Day after day, week after burning week,
A ruthless sun has sucked the forest dry.
Morn after anxious morn men's glances seek
The hills, hard-etched against a harder sky.
Gay blossoms droop and die.
Menace is here, as day draws to its peak,
And, 'mid the listless gums along the creek,
Hot little breezes sigh.
To-day the threat took shape; the birds were dumb.
Once more, as sullen, savage morning broke,
The silence told that trembling fear had come,
To bird and beast and all the forest folk.
One little wisp of smoke
Far in the south behind the listless gum
Grew to a purple pall. Like some far drum,
A distant muttering broke.
Red noon beheld red death come shouting o'er
These once green slopes - a leaping, living thing.
Touched by its breath, tree after tall tree wore
A fiery crown, as tho' to mock a king—
A ghastly blossoming
Of sudden flame that died and was no more.
And, where a proud old giant towered of yore,
Stood now a blackened thing.
Fierce raved the conquering flame, as demons rave,
Earth shook to thunders of the falling slain.
Brambles and bushes, once so gay and brave,
Shrank back, and writhed, and shrieked and shrieked again
Like sentient things in pain.
Gone from the forest all that kind spring gave…
And now, at laggard last, too late to save,
Comes soft, ironic rain.
Herald, 9 February 1933, p8
This poem was originally published in the Melbourne Herald under the title "In a Forest Garden".
Later included in The Singing Garden (Sydney: Angus and Robertson, 1935)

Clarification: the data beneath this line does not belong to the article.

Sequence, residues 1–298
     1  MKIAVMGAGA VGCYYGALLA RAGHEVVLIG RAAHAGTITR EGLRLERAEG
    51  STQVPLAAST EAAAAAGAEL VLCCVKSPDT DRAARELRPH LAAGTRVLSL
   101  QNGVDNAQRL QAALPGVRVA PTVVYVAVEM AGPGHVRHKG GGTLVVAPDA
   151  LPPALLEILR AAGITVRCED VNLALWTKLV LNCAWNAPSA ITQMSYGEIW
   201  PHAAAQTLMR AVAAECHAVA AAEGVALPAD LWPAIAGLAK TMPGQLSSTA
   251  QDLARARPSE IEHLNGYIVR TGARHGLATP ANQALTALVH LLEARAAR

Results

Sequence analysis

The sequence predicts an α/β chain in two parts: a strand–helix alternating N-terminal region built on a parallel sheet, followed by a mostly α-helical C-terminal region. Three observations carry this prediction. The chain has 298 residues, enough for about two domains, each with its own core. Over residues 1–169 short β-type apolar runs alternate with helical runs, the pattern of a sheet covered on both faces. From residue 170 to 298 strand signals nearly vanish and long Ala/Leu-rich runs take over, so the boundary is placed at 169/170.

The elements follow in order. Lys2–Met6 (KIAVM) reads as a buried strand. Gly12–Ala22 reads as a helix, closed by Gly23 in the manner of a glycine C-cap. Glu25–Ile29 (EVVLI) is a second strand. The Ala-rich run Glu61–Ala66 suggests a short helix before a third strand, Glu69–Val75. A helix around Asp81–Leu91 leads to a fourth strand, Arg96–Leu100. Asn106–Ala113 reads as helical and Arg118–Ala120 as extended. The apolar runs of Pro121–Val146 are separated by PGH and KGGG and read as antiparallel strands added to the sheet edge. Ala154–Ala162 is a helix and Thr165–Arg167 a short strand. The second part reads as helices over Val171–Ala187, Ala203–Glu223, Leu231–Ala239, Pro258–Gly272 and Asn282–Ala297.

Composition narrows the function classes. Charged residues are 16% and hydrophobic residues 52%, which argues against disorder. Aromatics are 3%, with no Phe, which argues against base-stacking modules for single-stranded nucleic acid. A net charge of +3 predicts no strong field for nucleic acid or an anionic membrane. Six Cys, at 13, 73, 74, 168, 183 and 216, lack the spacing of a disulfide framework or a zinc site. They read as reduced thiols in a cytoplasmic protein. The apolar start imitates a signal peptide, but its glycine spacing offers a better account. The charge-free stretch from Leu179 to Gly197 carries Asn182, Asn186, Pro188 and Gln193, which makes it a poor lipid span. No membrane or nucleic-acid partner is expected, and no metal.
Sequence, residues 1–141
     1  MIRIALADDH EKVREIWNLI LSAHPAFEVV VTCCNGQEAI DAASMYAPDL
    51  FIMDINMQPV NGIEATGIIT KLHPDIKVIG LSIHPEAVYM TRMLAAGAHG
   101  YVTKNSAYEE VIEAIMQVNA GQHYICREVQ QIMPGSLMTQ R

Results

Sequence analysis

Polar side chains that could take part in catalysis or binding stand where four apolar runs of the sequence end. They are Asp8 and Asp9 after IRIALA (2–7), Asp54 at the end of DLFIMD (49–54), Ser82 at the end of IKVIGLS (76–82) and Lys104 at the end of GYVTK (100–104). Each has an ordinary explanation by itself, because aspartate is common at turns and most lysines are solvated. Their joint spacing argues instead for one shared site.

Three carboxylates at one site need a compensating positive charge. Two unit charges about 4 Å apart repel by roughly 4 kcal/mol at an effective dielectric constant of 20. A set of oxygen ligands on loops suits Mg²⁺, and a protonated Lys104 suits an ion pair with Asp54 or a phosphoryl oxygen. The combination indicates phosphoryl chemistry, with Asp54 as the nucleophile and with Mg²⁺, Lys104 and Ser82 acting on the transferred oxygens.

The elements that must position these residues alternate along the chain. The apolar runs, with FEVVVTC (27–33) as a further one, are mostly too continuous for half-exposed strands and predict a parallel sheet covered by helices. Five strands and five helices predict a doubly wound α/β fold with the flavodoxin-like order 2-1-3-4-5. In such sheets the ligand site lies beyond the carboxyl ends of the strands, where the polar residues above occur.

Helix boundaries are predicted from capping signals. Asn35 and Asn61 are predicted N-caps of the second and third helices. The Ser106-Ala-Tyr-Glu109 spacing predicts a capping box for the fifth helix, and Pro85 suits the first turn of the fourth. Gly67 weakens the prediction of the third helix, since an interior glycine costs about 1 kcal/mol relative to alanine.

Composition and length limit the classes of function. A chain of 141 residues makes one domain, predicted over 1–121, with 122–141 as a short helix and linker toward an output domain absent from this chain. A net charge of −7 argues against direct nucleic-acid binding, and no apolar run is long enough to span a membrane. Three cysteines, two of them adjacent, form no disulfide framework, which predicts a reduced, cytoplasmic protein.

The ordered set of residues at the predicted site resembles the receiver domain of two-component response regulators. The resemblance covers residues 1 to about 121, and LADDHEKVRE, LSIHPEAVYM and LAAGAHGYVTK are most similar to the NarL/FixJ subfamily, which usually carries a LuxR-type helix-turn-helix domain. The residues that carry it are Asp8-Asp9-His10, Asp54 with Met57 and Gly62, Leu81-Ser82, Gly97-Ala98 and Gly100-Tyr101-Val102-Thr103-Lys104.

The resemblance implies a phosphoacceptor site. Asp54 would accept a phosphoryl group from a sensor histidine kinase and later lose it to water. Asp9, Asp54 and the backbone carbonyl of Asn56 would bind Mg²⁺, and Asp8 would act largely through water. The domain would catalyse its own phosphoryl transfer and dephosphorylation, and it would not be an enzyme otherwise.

C. J. Dennis
C. J. Dennis included four 'verse tales' relating the story of a romance between a Melbourne larrikin, 'The Sentimental Bloke', and his sweetheart Doreen in a collection entitled Backblock Ballads and Other Verses. Through 1914 he expanded 'the Bloke' series, submitting further 'Bloke' poems to the Bulletin, and in 1915 managed to publish the series as The Songs of a Sentimental Bloke by the firm of Angus and Robertson (Sydney). The sentimental love story was extremely successful. He used some of the proceeds of this publishing success to purchase land at Toolangi, and in July 1917, Dennis married Olive Price. Together, they extended Dennis' Toolangi house which he called 'Arden' after the forest in Shakespeare's As You Like It. In 1922 Dennis joined the staff of the Herald, dividing his time between Melbourne and Toolangi.
Dennis's last book, The Singing Garden (1935), was inspired by his garden at Toolangi. The house burned down in the 1960s although the garden he created with his wife remains. 15 km east of Kinglake along the Kinglake-Healesville Road, Dennis' Singing Gardens now cover 1.5 ha and feature rhododendrons and exotic trees including a copper beech planted by English Poet Laureate John Masefield who visited Dennis during the state's centenary celebrations.